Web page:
Damon Albarn and friends kicked their overwhelming performance with “Girls & Boys” and suddenly it’s the ‘90s all over again.
“Beetlebum”, and “Tender” announce to the crowd why they are still one of the greatest bands alive. The gospel choir finally had a chance to prove themselves, amazingly ethereal and sounding just perfect and melodic. The chorus made it to the crowd, that even with no music, managed to stay for a couple of more minutes chanting, arms in the air, waving, still in awe for what they were experiencing.
I must say I was totally blown away by Albarn’s fantastic energy. I had thought age and the several projects had worn a bit on Blur’s frontman, but it was the other way round. All his other side groups gave him the stamina and continuity to show all the Brit-pop newcomers who they still had to look up to.
“The Universal” still stands for a hymn of a generation and brings the chills ups and down the spin of every Girl & Boy who were living the great youngsters lives back in those days “when the universal’s free.”
“Song 2” closed the amazing show, throwing a giant dust cloud over the crowd and stage, everybody jumping in a frenzy, not wanting to come to terms to the certainty that the show was going to be over in a minute or so, as hard-core as it had started.
Yes, we were still around the premises when Fuck Buttons started their industrial electronic revolutionary gig.
It was 4 am QRO’s photographer was inside the pit taking amazing shots that could express the creativeness of the duo’s synths and macs surrounded by thousands of plugs, buttons and such. Impressive.
Saturday, June 1st
What can you say when you have yet another Portuguese great rock act to open the last day of the festival? The Glockenwise are part of a movement that started years ago, an amazing rock scene at the small town of Barcelos, up at the north of Portugal. Their sound is strong, ambitious and shows the influences of progressive rock and we could only foresee a really bright future for them.
Dinosaur Jr. were amazing as usual on the main stage at the late remaining sun hours, around dinnertime. We stayed, we danced, we rocked and wondered were where we 30 years ago when it all had started? Damian Abraham, of Fucked Up, even sang and welcomed the most amazing sunset of the event and, finally, the warm weather we were so desperate for.
PAUS, two Portuguese drummers, a bass player and keyboards rocked at ATP. They are always one of the best choices for this kind of gathering. They are fresh, raw, their drums rock and the chorus are contagious.
At Pitchfork, here came yet another Spanish band, or should I say Catalan? L’Hereu Escampa appear with an aggressive rock attitude, greeted everyone in Portuguese and the Spanish crowd was thrilled and follows the chorus bravely. Beautiful to watch.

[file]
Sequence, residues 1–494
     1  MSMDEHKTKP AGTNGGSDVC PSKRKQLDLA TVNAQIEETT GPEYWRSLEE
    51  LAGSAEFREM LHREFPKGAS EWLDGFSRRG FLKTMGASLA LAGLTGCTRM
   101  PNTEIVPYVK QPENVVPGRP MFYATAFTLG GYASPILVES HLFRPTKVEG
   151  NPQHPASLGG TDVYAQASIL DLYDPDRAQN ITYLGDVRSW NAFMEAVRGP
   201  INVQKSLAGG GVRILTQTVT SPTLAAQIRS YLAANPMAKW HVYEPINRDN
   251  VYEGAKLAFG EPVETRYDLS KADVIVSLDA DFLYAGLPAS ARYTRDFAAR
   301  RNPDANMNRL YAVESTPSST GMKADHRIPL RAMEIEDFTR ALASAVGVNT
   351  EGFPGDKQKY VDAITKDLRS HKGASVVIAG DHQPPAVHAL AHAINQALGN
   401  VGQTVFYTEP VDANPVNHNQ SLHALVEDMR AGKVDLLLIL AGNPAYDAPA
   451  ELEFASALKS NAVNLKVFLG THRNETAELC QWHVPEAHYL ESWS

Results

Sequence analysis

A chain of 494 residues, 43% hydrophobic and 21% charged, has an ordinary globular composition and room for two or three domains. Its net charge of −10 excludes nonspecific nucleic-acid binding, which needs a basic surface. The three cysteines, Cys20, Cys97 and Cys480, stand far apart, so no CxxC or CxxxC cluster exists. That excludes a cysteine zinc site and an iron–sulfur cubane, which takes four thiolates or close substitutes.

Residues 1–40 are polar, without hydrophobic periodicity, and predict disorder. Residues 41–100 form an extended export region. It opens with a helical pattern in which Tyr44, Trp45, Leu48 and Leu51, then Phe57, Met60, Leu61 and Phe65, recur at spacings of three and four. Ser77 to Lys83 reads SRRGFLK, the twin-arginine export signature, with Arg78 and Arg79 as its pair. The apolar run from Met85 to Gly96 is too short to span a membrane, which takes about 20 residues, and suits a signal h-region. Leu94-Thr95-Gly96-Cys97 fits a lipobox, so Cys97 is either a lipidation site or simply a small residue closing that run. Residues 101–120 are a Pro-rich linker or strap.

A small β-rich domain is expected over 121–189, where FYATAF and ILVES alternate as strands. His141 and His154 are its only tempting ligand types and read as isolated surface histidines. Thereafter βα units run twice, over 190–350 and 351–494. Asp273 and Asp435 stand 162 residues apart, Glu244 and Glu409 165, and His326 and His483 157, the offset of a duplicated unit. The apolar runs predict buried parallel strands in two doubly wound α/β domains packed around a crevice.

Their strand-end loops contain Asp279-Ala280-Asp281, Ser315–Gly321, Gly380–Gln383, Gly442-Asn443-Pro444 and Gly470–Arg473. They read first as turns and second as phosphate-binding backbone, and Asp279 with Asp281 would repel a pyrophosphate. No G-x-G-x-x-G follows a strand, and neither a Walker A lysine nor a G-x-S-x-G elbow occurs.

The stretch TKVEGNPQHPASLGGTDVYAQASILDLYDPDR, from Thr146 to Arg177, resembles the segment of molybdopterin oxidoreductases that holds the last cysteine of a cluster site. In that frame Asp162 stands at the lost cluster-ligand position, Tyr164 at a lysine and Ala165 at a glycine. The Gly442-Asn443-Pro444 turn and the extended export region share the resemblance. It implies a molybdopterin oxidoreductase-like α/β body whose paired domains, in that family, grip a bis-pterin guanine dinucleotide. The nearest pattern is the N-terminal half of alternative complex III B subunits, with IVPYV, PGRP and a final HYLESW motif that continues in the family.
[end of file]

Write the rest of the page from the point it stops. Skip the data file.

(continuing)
In the meantime, The Sea and Cake were at ATP, but we just went through there, as Explosions In the Sky were my highest expectation of the evening, at the main stage.
What? Savages against Explosions in the Sky? Man…!! Guess who won…
Since they cancelled the gig the previous year, we decided it was time to see what they were all about, after spending years just dreaming about those incredible melodies live
They greeted the audience in a perfect Portuguese, translating the name of the band to the native tongue and thanking for the warm welcome. The sonic melodies cradled the crowd in a mass of devotion and surrender. It’s perfect and, as close to the stage as we are, we see tears in some people’s eyes. Yup – it was that strong. Music has the power to let emotions flow freely as never before. At this point I remembered a Portuguese writer who wrote a novel called Happy People With Tears In Their Eyes. That sums it up.
Liars were absolutely amazing after EITS, making it impossible not to dance all the way near the stage and up the hill.
We missed Dan Deacon at Pitchfork due to a last minute schedule change, but the show was amazing, as we heard afterwards.
The only negative note and disappointment goes to My Bloody Valentine, closing the festival for us.
The sound was bad, the voices unheard, the tunes depressing (o.k., we knew they were, but they really sounded like a cheap version of early PJ Harvey and Sonic Youth on a really bad day).
The result was a catatonic audience and once again, the cold wasn’t helping at all.
We all expected more liveliness, and it was a bad ending to a great three day-party, but you can’t have it all, can you?
All in all, the setting kind of brings back images of what an urban Woodstock of the 21st century could be like.
The ladies had flowers in their hair, but times they did change – what do you know – so had Nick Cave and Damon Albarn all through their gigs. The green grass, the ducks flying around over our heads. If you close your eyes for a split second, you could even feel the sea breeze, smell it and sense it deep into your bones (aaah the chilly nights once more!)
Definitely a comeback! As the organization already announced their first headliners for 2014: just like the Barcelona edition, Neutral Milk Hotel.
See you next year, Porto!
words: Carla Ferraz
photos: Jayne Yong